Others, however, argue that the recent spate of policies haven’t gone far enough. Planner Andy Yan, director of Simon Fraser University’s City Program, observes that the federal government’s new anti-flipping rule doesn’t apply to one of the most intensely speculative sectors, which is preconstruction assignments by foreign investors. Still, Mr. Yan adds, the growing list of restrictions and taxes is beginning to look like a systemic response to a housing crisis which he describes is 30 years in the making.

Whether or not these measures succeed in tamping down speculation, the real estate industry isn’t pleased with most of the regulations, some of which will bite agents and brokers who buy and flip properties as a sideline, as well as developers looking to presell a sufficient number of units so they can secure construction loans and begin building.

But Christopher Alexander, president of Re/Max Canada, says the vacant homes tax will play an important role in the market in the years to come: “I think that’s a good move,” he says. “We have a serious inventory challenge and a supply shortage that runs deep. We are going to need every piece of product we possibly can bring on to help offset the incredible demand we’re going to continue to have for years to come.”

As for renovators, many in recent years have built thriving businesses around buying, fixing up and then re-selling homes – a practice where the government now says it will treat any resulting capital gains as business income for tax purposes, meaning that tax filers claiming the principal residence capital gains exemption will attract more scrutiny from CRA.

Lawyer Debbie Pearl-Weinberg, executive director of CIBC’s wealth advisory services, describes the 365-day anti-flipping rule as a “bright line test” but adds that renovators who wait for a few days past the deadline to list could still find themselves in CRA’s crosshairs.

“I don’t think taxpayers can expect that if they just make sure that they don’t sell within that 365-day period, that they [can] be rest assured that it is capital gain,” she said.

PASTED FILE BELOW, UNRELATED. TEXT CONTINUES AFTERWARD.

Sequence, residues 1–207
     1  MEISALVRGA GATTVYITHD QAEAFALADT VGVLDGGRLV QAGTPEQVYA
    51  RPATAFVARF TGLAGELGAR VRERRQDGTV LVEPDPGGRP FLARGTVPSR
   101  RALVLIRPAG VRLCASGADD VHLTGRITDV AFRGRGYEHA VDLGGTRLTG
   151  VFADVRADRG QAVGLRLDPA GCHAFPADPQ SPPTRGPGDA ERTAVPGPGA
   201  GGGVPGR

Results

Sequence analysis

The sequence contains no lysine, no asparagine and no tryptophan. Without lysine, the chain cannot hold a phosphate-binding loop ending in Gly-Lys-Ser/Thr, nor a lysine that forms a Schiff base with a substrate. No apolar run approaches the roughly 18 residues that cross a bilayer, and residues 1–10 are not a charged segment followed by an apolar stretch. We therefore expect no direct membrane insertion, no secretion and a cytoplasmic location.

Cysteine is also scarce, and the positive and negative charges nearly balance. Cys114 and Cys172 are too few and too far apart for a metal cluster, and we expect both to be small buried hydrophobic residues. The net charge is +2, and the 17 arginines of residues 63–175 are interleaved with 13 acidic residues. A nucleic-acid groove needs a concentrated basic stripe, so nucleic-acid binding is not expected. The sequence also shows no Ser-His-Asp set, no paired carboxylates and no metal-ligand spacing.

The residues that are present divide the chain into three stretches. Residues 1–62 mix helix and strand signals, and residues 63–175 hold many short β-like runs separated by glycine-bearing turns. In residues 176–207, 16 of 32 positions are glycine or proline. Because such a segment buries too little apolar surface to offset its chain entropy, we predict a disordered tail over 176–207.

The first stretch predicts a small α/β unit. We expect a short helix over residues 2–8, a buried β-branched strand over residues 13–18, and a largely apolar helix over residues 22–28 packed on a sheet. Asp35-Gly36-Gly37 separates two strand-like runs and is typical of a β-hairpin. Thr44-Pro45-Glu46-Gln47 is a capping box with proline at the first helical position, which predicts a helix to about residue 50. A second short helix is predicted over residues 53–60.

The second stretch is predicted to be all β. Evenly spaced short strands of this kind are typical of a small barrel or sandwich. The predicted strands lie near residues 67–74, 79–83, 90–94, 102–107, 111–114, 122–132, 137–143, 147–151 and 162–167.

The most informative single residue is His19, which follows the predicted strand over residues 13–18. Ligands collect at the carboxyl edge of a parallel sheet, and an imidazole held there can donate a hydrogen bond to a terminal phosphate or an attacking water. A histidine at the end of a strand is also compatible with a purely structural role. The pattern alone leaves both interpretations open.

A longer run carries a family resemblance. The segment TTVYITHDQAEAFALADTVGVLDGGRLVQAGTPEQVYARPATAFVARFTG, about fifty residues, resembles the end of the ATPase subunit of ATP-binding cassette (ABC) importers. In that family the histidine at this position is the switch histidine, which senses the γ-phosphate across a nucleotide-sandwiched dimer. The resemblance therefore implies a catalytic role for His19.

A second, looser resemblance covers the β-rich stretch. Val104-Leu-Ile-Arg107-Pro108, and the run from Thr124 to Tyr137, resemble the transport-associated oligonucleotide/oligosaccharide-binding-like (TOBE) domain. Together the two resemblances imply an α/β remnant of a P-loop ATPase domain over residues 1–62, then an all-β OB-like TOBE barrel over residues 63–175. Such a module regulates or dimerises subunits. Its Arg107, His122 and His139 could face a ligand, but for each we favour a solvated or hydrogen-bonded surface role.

Thinking ahead to the next economic cycle, Mr. Giralico predicts that while prices will recover, some of the frothier corners of the industry may be altered permanently. “As a gentleman that works on commission, I’d like to make as much money as I can,” he concedes. But, he adds, “I don’t see [preconstruction assignments] being as busy as a few years ago. I don’t think we’ll hit those volumes again simply because there are a lot of things in place now where, you know, not every guy can just come in to buy, whether they can afford it or not.”

Sidebar: Toronto’s Vacant Home Tax

Earlier this year, when the City of Toronto mailed out a notification of the new vacant homes tax, printed on double-side yellow paper, many residents noticed that the accompanying website – toronto.ca/VacantHomeTax – wasn’t yet operational.

The site, which allows owners to fill out a formal declaration of occupancy, has since come on line, and indeed city officials report that as of Jan. 12, 55 per cent of all owners had submitted their declaration. A “robust public awareness campaign” is now in full swing, according to a spokesperson, and it includes a notification that will be sent out with interim property tax notices and individual follow-up reminders sent out after the Feb. 3 deadline.

The move to implement a vacant home tax dates back to 2019, and was estimated in 2021 to cost about $11-million in start-up expenses, with an outlay of about $3.1-million annually to keep it running. City officials at the time predicted gross revenues of $55-million to $66-million, based on a ballpark estimate that about one percent of Toronto’s housing stock is vacant. Staff admitted, however, that the actual number of vacant dwellings was unknown.

Also unknown: the full range of circumstances that will fall between the cracks of the bylaw, which outlines exemptions, such as vacancy due to renovations or the hospitalization of the owner. In fact, Toronto lawyers have been fielding calls from anxious clients about situations not covered by the enumerated exemptions, such as tenants that don’t have written leases, or owners who’ve been living abroad for extended periods due to the pandemic.

Even with the recent drop in real estate prices, the cost of the tax will be significant: a one-time hit of $15,000 on a $1.5-million home.